Implant material is made from different types of metallic and bone-like ceramic materials that are compatible with body tissue. There are different types of dental implants: the first is placed directly into the jaw bone, like natural tooth roots; the second is used when the jaw structure is limited; therefore, a custom-made metal framework fits directly on the existing bone.

Tooth decay is the destruction of tooth structure thereby resulting in a cavity. It can affect both the enamel (the outer coating of the tooth) and the dentin layer of the tooth. It occurs when bacteria in your mouth make acids that eat away at a tooth. If not treated, tooth decay can cause pain, infection, and tooth loss.

The symptoms vary but the common ones include:

Discoloration of the tooth , sensitivity or pain on taking sweet and cold foods, pain on chewing, pain while sleeping, swelling of the gums(abscess) in relation to the decayed tooth, food getting stuck and causing discomfort, etc.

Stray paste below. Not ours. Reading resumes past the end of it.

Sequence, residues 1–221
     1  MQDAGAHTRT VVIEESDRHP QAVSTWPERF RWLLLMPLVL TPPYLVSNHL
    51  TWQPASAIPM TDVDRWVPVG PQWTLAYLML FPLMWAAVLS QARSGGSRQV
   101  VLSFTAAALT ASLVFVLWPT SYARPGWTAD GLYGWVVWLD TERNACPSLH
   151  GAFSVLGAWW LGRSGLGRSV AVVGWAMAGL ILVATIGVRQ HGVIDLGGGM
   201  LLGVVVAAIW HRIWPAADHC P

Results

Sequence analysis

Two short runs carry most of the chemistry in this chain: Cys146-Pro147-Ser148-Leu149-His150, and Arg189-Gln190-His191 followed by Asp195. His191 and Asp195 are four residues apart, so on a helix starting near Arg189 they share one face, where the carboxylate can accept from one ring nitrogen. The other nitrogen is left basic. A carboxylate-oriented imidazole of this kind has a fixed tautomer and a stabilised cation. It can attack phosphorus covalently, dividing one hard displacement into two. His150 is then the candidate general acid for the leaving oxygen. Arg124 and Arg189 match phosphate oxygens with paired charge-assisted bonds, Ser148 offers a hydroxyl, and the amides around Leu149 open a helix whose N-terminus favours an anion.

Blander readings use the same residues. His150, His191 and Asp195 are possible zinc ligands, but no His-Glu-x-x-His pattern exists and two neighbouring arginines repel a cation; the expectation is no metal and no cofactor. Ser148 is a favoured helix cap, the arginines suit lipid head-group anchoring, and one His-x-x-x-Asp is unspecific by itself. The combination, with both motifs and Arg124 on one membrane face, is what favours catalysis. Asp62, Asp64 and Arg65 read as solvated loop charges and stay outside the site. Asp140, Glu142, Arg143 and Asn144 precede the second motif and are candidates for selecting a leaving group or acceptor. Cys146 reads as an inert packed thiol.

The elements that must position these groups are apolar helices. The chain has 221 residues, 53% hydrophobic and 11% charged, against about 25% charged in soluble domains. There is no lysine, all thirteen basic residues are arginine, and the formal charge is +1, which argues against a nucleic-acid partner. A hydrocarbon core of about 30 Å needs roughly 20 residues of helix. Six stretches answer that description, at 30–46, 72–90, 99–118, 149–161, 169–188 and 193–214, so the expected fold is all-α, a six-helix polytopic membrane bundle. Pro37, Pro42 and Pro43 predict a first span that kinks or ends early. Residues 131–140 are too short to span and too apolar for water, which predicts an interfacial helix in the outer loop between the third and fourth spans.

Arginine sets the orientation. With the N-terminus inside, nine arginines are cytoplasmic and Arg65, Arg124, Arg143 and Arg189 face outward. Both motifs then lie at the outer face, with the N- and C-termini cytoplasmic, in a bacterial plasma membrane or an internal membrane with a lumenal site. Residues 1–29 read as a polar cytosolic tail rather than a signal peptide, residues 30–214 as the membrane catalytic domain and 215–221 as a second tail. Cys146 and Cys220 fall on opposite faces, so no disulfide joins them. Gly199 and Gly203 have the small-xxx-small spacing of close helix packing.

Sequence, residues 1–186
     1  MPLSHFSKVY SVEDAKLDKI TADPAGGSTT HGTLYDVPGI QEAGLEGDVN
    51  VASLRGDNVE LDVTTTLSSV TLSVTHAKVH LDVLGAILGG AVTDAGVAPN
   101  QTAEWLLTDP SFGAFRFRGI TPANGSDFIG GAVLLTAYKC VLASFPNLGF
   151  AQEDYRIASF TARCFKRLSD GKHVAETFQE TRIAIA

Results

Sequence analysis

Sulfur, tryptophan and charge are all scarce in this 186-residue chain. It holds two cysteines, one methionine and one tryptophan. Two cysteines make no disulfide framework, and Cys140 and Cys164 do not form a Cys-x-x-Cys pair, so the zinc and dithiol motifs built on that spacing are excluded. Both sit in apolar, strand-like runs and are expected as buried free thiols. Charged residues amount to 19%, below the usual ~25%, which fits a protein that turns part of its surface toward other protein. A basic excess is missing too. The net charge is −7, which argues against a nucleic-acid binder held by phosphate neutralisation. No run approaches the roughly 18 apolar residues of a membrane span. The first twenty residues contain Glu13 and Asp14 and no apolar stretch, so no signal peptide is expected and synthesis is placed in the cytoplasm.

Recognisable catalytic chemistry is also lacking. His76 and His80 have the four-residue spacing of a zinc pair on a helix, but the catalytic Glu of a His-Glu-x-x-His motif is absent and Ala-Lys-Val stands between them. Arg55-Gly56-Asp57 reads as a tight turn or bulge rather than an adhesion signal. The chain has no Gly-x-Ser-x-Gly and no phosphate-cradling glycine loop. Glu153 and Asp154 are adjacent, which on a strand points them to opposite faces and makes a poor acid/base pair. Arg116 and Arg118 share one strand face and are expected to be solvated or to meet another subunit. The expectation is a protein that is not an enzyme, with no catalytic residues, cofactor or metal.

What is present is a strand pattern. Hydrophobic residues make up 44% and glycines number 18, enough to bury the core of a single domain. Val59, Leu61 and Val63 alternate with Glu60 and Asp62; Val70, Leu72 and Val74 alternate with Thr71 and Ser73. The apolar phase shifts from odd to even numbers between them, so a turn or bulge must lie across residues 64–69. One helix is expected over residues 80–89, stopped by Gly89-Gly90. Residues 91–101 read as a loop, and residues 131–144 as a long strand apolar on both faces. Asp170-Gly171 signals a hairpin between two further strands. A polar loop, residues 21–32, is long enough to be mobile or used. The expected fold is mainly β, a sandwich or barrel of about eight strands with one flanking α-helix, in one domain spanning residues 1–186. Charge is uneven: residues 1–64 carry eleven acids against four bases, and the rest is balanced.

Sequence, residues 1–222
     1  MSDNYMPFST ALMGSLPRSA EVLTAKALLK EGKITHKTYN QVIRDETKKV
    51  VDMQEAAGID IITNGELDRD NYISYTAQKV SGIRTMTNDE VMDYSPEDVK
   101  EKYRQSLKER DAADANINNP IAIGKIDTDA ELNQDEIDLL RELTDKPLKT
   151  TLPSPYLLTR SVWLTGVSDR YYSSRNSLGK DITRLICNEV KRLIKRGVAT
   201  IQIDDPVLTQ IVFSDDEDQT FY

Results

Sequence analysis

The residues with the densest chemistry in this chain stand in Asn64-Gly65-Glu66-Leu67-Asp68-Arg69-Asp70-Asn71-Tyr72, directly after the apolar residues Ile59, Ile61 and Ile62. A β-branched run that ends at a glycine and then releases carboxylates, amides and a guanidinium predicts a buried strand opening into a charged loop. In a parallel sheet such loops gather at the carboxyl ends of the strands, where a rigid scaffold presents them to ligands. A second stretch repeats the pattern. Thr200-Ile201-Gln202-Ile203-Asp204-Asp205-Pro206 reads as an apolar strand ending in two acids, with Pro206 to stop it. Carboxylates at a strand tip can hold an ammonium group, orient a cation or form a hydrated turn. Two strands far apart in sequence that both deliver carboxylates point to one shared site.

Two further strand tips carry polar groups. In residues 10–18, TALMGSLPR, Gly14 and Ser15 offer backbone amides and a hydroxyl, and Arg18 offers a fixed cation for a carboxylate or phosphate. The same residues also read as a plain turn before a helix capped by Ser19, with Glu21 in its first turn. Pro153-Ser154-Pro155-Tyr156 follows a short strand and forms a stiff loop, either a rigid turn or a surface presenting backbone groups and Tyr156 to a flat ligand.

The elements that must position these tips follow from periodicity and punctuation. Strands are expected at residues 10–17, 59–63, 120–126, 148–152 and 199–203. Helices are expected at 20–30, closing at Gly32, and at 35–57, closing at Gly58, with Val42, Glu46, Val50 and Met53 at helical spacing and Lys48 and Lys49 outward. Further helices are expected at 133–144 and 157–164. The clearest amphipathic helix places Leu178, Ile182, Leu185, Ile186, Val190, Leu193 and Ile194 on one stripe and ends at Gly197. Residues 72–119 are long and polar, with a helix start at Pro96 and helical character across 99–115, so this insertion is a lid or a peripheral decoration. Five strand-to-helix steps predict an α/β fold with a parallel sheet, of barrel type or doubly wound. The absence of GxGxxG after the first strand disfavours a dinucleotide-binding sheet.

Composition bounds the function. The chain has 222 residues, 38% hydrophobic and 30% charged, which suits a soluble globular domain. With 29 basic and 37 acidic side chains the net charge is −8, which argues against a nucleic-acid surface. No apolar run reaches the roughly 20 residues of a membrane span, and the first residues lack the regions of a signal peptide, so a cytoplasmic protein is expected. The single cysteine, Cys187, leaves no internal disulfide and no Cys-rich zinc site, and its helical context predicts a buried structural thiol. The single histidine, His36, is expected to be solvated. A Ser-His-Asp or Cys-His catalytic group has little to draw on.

Tooth decay occurs when foods containing carbohydrates (sugars and starches) such as breads, cereals, milk, soda, fruits, cakes, or candy are left on the teeth. Bacteria that live in the mouth digest these foods, turning them into acids. The bacteria, acid, food debris, and saliva combine to form plaque, which clings to the teeth. The acids in plaque dissolve the enamel surface of the teeth, creating holes in the teeth called cavities, or caries.

Treatment for tooth decay depends on how bad it is. To fix cavities caused by mild tooth decay, dentist will fill the cavities with another substance (fillings). For more severe tooth decay, you may need a crown or root canal. In extreme cases, dentist may have to remove the tooth.

To prevent tooth decay:

  • Brush your teeth at least twice a day with a fluoride-containing toothpaste. Preferably, brush after each meal and especially before going to bed.
  • Clean between your teeth daily with dental floss or interdental brushes.
  • Eat nutritious and balanced meals and limit snacks. Avoid carbohydrates such as candy, pretzels and chips, which can remain on the tooth surface. If sticky foods are eaten, brush your teeth soon afterwards.